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  33. Renante Pilapil (2012). From Psychologism to Personhood: Honneth, Recognition, and the Making of Persons. Res Publica 18 (1):39-51.score: 24.0
    The paper explores the philosophical anthropology and the moral grammar of recognition. It does so by examining how the formation of the self is informed by social recognition, the result of which can motivate individuals and groups to engage in struggles for recognition. To pursue this task, the discussion focuses on the insights of Honneth, who grounds his theory of recognition in the intersubjective relations between persons. The idea that recognition impacts the formation of personal (...)
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  34. Thomas Hannagan & Jonathan Grainger (2012). Protein Analysis Meets Visual Word Recognition: A Case for String Kernels in the Brain. Cognitive Science 36 (4):575-606.score: 24.0
    It has been recently argued that some machine learning techniques known as Kernel methods could be relevant for capturing cognitive and neural mechanisms (Jäkel, Schölkopf, & Wichmann, 2009). We point out that ‘‘String kernels,’’ initially designed for protein function prediction and spam detection, are virtually identical to one contending proposal for how the brain encodes orthographic information during reading. We suggest some reasons for this connection and we derive new ideas for visual word recognition that are successfully put to (...)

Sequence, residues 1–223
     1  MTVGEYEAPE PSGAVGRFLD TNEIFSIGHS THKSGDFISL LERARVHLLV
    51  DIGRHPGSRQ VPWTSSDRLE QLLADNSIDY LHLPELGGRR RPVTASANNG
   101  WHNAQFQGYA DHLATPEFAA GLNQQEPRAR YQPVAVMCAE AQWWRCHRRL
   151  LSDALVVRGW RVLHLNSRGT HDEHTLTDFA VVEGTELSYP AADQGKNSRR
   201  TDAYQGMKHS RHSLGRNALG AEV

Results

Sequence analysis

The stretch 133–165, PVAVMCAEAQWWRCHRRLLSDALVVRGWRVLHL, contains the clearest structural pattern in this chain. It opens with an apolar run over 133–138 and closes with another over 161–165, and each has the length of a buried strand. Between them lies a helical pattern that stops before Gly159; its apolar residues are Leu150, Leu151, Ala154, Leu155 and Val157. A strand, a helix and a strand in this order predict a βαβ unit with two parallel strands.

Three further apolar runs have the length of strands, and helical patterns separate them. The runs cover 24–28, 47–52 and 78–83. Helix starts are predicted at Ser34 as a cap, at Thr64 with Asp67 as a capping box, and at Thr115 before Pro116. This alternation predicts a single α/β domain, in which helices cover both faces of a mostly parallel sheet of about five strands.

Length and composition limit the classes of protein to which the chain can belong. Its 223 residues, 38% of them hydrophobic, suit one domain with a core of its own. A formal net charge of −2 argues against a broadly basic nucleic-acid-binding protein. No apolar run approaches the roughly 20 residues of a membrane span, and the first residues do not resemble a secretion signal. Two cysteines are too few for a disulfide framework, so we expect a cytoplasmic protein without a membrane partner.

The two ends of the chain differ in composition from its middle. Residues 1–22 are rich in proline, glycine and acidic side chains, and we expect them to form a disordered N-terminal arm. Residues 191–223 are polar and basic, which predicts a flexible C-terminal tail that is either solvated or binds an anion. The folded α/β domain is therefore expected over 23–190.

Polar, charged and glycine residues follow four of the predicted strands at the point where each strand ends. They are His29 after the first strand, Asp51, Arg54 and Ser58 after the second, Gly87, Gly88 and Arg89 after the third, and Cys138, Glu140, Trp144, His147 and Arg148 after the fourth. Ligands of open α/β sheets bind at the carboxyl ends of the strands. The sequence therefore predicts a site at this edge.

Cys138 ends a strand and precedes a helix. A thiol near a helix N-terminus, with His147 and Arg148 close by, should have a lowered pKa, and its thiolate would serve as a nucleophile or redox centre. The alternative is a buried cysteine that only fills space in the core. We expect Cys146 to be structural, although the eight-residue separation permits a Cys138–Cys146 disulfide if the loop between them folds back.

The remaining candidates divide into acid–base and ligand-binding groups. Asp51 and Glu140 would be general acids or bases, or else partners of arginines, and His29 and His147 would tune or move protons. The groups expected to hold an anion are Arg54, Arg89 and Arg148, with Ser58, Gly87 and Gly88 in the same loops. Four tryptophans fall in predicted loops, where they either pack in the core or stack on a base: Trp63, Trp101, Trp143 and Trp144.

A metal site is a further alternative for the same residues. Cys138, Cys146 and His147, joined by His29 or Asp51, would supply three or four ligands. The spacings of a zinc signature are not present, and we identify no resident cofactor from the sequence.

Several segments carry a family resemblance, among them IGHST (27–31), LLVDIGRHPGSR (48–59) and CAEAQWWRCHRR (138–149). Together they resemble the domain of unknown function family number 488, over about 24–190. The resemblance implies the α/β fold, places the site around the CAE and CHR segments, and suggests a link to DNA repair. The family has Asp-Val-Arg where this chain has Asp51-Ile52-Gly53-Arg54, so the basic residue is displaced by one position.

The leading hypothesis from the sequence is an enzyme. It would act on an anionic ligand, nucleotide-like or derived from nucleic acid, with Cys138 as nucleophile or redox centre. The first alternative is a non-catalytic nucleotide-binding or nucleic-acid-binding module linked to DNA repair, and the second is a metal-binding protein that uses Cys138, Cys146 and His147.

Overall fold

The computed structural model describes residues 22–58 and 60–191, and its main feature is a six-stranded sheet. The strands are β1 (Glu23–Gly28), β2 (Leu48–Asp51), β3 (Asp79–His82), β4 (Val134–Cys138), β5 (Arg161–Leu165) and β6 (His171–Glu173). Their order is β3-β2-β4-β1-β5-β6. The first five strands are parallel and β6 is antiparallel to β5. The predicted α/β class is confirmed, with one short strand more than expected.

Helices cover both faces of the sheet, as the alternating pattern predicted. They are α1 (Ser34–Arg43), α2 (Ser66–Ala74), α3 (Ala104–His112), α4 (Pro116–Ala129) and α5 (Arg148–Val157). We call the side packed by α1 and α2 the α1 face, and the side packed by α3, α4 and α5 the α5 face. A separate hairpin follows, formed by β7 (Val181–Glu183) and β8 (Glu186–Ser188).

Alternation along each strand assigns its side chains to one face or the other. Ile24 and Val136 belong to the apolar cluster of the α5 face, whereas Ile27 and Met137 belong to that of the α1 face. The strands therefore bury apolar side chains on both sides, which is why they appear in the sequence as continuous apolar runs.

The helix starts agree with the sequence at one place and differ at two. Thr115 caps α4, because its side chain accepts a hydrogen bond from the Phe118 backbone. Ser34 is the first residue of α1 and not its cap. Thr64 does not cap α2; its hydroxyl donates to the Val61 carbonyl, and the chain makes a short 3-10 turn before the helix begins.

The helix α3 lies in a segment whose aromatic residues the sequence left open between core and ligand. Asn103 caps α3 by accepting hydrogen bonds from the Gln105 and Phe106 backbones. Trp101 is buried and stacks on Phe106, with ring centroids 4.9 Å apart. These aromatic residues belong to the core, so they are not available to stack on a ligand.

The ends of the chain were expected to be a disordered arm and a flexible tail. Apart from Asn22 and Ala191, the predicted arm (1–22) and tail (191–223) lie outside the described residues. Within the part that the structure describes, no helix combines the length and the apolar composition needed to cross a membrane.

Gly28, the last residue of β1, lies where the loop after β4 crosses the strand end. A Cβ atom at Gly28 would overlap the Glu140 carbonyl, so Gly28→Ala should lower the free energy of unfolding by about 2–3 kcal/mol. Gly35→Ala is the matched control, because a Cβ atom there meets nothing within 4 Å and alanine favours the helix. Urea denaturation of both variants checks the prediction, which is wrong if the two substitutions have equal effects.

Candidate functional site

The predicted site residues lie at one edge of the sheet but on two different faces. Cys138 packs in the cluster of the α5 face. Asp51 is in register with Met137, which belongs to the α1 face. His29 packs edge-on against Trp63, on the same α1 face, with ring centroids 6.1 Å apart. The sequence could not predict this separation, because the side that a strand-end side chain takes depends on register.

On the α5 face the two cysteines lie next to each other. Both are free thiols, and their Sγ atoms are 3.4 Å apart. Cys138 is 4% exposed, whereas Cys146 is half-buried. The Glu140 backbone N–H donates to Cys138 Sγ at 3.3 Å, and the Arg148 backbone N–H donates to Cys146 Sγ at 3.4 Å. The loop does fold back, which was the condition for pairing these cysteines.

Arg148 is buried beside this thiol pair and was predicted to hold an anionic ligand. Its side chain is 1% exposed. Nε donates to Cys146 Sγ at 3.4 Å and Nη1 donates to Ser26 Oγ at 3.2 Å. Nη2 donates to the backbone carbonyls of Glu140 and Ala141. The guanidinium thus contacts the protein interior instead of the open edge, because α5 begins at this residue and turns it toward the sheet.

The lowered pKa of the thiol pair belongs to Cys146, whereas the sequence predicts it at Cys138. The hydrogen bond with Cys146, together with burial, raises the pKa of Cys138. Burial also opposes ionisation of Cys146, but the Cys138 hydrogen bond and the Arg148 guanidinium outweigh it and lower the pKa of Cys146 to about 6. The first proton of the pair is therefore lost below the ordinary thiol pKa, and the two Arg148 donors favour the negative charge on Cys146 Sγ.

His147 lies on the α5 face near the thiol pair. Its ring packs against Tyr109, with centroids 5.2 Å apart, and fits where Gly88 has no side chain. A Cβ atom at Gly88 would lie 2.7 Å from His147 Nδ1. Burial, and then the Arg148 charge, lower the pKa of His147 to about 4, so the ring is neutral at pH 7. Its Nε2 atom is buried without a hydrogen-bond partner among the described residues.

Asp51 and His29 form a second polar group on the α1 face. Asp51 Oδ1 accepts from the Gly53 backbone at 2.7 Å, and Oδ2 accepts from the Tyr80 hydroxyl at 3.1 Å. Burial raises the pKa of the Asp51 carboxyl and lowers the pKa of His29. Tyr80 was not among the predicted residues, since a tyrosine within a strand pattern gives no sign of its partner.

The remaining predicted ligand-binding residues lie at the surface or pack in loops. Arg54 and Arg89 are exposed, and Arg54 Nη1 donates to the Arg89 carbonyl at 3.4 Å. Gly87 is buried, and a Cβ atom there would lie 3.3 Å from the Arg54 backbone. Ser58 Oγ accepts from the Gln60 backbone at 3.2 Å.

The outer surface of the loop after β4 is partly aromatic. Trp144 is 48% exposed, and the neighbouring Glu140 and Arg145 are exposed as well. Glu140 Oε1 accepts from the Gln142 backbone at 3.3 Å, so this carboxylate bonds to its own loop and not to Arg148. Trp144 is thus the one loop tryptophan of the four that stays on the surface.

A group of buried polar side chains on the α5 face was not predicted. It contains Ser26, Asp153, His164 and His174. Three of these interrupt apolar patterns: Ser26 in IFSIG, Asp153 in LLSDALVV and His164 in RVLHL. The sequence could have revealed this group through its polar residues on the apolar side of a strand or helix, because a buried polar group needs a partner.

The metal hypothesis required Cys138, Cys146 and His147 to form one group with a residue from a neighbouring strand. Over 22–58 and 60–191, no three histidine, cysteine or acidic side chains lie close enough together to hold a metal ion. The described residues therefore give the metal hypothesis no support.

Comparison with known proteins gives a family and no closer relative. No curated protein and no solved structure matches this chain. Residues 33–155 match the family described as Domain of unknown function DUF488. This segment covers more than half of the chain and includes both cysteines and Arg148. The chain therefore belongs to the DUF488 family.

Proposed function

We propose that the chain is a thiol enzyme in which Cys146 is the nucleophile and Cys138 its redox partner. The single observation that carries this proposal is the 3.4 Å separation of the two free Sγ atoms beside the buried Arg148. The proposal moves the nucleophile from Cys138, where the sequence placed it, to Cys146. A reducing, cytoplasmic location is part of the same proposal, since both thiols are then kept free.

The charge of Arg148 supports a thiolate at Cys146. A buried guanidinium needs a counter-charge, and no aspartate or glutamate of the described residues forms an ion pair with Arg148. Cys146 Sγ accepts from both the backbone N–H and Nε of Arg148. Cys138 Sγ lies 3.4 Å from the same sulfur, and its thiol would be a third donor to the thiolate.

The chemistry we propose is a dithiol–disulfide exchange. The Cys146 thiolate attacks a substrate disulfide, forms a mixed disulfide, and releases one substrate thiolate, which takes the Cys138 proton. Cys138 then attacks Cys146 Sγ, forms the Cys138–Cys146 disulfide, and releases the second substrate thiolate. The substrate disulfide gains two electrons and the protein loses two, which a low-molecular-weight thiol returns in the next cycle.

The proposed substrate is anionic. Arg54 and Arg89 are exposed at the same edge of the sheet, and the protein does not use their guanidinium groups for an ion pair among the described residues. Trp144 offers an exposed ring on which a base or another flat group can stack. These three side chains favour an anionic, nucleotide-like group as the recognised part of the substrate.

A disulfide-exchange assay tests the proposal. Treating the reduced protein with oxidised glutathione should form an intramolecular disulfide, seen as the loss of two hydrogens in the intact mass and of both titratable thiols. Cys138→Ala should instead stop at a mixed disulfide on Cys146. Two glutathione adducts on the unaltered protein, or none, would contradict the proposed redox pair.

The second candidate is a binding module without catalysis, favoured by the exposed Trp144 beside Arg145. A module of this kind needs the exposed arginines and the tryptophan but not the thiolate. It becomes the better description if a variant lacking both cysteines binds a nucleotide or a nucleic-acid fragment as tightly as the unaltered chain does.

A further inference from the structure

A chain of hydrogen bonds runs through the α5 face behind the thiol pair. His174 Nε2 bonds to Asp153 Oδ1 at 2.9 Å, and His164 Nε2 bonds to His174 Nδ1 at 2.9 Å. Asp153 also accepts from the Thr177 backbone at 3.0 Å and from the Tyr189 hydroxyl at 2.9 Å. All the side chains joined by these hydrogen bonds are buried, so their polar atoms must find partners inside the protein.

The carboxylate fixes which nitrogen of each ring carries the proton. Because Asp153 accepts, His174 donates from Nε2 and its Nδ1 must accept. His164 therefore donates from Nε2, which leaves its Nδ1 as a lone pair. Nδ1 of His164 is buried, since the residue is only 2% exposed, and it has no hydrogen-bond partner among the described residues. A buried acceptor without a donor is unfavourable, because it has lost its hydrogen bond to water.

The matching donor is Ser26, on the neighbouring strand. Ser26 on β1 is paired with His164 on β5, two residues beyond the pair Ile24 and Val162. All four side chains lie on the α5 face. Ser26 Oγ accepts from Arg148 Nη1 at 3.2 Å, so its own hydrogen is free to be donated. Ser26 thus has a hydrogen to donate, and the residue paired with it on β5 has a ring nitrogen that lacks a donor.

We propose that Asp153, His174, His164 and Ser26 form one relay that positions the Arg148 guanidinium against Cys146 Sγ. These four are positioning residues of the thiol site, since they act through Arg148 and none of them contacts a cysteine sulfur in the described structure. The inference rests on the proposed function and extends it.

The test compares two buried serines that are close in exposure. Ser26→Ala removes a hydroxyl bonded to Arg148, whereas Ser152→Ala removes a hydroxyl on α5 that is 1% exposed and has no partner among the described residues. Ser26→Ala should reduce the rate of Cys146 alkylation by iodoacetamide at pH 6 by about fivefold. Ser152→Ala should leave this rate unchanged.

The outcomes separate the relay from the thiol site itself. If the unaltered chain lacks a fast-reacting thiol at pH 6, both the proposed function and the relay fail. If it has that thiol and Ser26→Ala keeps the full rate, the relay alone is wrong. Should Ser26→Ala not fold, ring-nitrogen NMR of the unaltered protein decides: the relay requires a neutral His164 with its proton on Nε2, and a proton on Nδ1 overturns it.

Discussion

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  35. Terence V. Sewards & Mark A. Sewards (2002). On the Neural Correlates of Object Recognition Awareness: Relationship to Computational Activities and Activities Mediating Perceptual Awareness. Consciousness and Cognition 11 (1):51-77.score: 24.0
    Based on theoretical considerations of Aurell (1979) and Block (1995), we argue that object recognition awareness is distinct from purely sensory awareness and that the former is mediated by neuronal activities in areas that are separate and distinct from cortical sensory areas. We propose that two of the principal functions of neuronal activities in sensory cortex, which are to provide sensory awareness and to effect the computations that are necessary for object recognition, are dissociated. We provide examples of (...)
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  36. Rauno Huttunen & Mark Murphy (2012). Discourse and Recognition as Normative Grounds for Radical Pedagogy: Habermasian and Honnethian Ethics in the Context of Education. Studies in Philosophy and Education 31 (2):137-152.score: 24.0